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Striking the right balance for Tower Hamlets

November 22, 2009

COUNCILLOR ABJOL MIAH

Increasingly, I hear from residents concerned about the ever-expanding presence of Tesco’s in our Borough. Close to a dozen of their stores have sprung up in the last few years alone, the latest being the Tesco Express on Burdett Road opened earlier this month.

Now, a ‘Tesco Town’ adjacent to the Olympics site has been announced, complete with a primary school and library, which will further extend the multinational company’s influence in Tower Hamlets. All this has been carried off with the enthusiastic support of the New Labour-run council.

Tesco’s has also increased its dominance amongst the big supermarkets, since Safeways closed in Roman Road market. The Labour council, led by Michael Keith, stood by in the face of the threat of closure and it was left to George Galloway to write three times to the board of Morrisons/Safeways to plead with them to reconsider. But only the council had the power to offer them the inducements which might have led them to reconsider. They did not. The result has been a very serious blow to all of the businesses in the Roman Road and particularly the historic market.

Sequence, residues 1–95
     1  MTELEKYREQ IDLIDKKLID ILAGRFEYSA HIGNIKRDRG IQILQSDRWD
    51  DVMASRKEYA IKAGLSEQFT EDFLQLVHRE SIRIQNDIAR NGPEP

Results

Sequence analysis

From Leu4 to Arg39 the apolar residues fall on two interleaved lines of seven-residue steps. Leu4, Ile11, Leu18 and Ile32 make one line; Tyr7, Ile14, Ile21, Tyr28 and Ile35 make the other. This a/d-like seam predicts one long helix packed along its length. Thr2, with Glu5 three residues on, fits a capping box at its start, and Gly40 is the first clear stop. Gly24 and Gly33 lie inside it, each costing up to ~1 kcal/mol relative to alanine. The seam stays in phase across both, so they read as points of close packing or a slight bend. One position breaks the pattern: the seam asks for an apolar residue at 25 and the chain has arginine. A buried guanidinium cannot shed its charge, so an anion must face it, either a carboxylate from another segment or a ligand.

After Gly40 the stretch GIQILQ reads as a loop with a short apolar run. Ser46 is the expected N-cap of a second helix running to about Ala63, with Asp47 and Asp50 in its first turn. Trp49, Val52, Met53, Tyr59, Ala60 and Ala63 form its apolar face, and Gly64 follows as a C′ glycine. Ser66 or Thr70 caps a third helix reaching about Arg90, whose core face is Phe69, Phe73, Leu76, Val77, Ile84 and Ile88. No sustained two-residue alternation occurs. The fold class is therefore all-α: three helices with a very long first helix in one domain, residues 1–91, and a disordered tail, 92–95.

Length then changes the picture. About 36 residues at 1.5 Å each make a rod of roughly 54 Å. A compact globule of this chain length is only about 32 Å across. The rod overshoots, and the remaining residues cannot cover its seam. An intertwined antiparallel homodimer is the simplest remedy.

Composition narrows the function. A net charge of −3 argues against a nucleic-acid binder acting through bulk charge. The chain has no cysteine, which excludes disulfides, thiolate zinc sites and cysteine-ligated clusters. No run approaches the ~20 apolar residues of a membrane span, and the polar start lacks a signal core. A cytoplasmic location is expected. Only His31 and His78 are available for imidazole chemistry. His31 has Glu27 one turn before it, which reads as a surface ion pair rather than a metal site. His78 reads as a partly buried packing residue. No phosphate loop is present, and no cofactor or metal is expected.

Nobody is saying that Tesco’s does not have a place in Tower Hamlets. But the council’s approach has left neighbourhood convenience and grocery stores struggling to survive. These locally-run shops play an important role in the community, boosting employment and providing residents with a choice and variety of goods often not available in the large supermarkets. The owners of these stores come to me in real fear for their livelihoods, and understandably ask why the council has ignored their legitimate worries.

Recently a much-loved organic store on Roman Road that has been running for 30 years was forced to close. The manager said “Business has been slowing for the past four years across health shops with increased competition from supermarkets and other stores doing more organic and specialist products.”

I am in favour of striking a more equitable balance. Council leaders must now acknowledge that they should consider the position of local businesses struggling through the recession. A fairer approach that ensures grocery stores that are rooted in their communities can survive and prosper is essential. I am demanding that the council address this issue.

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